Recent data shows a drop in US gambling income, which will affect Pennsylvania and another 38 states with lotteries - and strongly impact gaming hubs like Las Vegas and Atlantic City.
“The decline comes as states are rapidly expanding gambling in hopes of stemming severe budget shortfalls, and it indicates that gambling is not insulated from broader economic forces like recession, as has been argued in the past,” says the New York Times.
That raises the question of whether the entire industry is reaching or already has reached a saturation point. But in the meantime, what do gambling-dependent areas do to get back to their winning ways?
An article in the Las Vegas Sun points out the situation at hand: "Slow, semi-stagnant recovery from the recession. Intense competition in the US and abroad for gambling dollars. Aging Baby Boomers spending less. People seeking gaming venues closer to home. And, if only symbolically, the likelihood no casinos will be built for years.”
Atlantic City’s answer is to “furiously try to remake itself into a vacation destination that happens to have gambling,” says the AP. But there is no guarantee it has a winning hand as other threats come up that include expanded casinos and pushes for online gambling.
One of Atlantic City’s major problems was in its failed efforts to imitate its major competitor, Las Vegas.
New Jersey Earmarking Casino Funds To Target Atlantic City Gamblers
Under New Jersey Governor Chris Christie, the state in 2010 decided to take over its tourism efforts. A budget of $30 million in annual payments that the casinos “had to pony up to the horse racing industry, in return for keeping slots out of the tracks, will now be used to market Atlantic City nationally,” says the AP.
The state also rewrote many casino regulations to remove, among other stipulations, minimum staffing requirements. State-mandated economic redevelopment funds collected from each casino, which previously was spread around the state, are now used entirely for projects within Atlantic City.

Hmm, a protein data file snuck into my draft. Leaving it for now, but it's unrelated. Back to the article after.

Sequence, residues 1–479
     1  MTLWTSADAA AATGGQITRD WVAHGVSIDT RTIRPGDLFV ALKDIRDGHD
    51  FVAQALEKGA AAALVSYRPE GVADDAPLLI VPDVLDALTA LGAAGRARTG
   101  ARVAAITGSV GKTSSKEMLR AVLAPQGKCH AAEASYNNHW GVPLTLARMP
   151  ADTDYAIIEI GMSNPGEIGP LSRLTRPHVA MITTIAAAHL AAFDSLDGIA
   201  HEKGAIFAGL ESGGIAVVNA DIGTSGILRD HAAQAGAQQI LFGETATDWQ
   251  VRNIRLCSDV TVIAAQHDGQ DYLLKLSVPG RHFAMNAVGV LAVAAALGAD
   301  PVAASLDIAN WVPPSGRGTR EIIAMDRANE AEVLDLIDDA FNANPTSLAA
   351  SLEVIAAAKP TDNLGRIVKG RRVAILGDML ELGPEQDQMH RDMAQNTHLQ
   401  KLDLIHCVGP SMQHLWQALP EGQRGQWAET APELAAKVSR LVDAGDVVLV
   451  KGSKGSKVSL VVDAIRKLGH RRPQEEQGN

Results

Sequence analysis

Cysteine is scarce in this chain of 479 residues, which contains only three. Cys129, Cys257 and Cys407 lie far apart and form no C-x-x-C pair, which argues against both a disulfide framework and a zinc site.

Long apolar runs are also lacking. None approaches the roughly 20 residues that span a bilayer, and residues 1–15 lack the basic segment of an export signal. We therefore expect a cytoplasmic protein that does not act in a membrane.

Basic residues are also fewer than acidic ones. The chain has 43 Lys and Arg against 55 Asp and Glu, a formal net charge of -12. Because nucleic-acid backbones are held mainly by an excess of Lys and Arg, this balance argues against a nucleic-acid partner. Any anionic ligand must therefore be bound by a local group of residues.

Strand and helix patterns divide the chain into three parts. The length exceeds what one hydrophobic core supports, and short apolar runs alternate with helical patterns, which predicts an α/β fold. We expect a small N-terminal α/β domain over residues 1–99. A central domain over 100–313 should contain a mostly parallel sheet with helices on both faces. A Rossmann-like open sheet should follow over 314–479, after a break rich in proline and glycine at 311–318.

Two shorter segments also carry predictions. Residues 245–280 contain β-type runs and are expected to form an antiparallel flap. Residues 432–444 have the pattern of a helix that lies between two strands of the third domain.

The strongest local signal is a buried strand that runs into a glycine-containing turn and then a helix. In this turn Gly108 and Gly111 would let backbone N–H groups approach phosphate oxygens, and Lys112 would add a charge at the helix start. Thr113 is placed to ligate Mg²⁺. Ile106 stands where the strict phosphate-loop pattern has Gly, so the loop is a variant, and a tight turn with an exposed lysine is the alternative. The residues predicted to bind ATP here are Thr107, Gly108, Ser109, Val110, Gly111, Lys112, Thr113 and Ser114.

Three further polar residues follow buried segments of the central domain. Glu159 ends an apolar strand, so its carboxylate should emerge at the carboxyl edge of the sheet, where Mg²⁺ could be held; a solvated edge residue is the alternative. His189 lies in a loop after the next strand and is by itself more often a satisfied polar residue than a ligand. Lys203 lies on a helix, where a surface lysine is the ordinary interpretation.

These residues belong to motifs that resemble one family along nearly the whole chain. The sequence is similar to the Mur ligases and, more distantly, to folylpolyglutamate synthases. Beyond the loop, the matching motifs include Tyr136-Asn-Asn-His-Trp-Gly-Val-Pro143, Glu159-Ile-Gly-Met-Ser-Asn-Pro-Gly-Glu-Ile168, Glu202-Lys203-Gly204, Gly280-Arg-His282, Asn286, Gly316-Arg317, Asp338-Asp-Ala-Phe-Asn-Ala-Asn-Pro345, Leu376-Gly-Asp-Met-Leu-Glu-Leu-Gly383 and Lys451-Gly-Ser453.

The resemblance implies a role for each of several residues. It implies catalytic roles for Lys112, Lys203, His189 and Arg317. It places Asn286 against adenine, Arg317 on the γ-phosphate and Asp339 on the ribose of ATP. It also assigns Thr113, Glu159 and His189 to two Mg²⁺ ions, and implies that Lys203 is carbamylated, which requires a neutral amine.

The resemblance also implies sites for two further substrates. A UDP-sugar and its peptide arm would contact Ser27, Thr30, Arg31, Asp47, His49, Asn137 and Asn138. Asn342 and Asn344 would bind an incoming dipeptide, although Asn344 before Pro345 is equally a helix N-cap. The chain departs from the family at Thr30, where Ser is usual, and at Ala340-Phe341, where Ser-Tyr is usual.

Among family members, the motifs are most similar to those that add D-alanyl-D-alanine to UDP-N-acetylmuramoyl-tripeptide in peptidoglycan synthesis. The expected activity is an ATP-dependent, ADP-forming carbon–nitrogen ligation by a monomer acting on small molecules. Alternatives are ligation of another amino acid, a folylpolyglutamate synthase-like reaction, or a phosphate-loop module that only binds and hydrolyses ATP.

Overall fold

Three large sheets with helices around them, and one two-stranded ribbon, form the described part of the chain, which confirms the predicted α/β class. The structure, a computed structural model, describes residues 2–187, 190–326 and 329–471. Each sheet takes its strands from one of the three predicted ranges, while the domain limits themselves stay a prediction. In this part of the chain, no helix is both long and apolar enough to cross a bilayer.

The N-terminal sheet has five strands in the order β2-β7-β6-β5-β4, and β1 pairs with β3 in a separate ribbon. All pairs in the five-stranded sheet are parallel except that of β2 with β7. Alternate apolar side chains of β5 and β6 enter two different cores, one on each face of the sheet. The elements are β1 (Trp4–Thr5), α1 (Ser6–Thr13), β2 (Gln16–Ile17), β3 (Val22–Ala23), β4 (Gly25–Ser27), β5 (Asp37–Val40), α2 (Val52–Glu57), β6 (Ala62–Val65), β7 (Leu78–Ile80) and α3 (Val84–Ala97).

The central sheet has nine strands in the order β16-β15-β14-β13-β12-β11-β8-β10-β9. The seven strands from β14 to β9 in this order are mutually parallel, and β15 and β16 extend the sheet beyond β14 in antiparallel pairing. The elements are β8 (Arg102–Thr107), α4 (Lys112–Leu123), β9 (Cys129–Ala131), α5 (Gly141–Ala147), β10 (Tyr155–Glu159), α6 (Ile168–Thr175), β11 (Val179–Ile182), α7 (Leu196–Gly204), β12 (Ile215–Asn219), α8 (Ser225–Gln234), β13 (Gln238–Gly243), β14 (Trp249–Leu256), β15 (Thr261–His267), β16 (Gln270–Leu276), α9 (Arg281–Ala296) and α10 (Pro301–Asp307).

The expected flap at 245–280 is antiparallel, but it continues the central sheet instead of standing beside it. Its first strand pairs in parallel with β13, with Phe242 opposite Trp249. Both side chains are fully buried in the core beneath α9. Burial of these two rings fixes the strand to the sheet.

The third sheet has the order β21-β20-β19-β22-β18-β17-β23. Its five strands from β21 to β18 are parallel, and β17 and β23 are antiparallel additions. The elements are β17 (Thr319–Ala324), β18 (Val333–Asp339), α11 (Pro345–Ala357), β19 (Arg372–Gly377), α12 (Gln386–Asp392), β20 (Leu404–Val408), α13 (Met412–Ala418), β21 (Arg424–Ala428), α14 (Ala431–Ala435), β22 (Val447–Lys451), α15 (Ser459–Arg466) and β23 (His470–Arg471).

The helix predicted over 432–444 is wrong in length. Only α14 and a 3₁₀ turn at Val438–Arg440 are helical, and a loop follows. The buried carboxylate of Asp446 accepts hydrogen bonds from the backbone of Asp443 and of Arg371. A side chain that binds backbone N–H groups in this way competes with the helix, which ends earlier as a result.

Vegas, which in common with Atlantic City, has been floundering around to create various different incentives, took another route. After flirting with family-friendly attractions in the 1990s, the so-called “Sin City” embraced its roots as an adult playground, cementing its image as a brief, whirlwind escape for adults rather than a place to spend a leisurely week with the family.
Despite its many amenities, Las Vegas will have difficulty broadening its appeal much further, said Adam Hanft, an author and marketing expert. “Newness, which has long driven Las Vegas growth, will not be part of the immediate future,” says Bill Eadington, director of UNR’s Institute for the Study of Gambling and Commercial Gaming. “Las Vegas may become yesterday’s news unless it can figure out a new way to reinvent itself.”
Vegas tourism officials conducted an intense seven-month survey to find out what potential customers wanted - even giving video cameras to tourists to report on their experiences. “People want transparency, value and variety,” says Cathy Tull, senior vice president of marketing for the Las Vegas Convention and Visitors Authority.
Tull says travelers want “value packages” such as an all-day restaurant pass that can be used at several resorts. She said the research found that the area should focus marketing to people who need an excuse to visit.
As a result, new ads show specific examples of what visitors can do in town rather than generic places or descriptions of a general fun atmosphere.
One possibility for promotion is in isolating and heavily advertising one-time events. “We’re going to identify three or four events we can embrace as a citywide experience,” says Tull. “If it’s a Halloween event, we’re going to say, ‘Vegas owns Halloween’ and make sure resorts are offering services and an atmosphere geared toward Halloween.”
Key Statistics – Gaming In Vegas
- About 60% of people who participate in casino gambling have cut back on spending, according to a national survey conducted by the American Gaming Association.
- Gaming revenue in Atlantic City dropped 31% since its peak in 2006, according to a report called "Atlantic City Casino and Hotel Market Outlook 2011’’ compiled by HVS Las Vegas.
- Statewide gaming revenue fell less than 1%, and strip gaming revenue dipped over 2% during a recent month in Nevada, reported the Las Vegas Sun.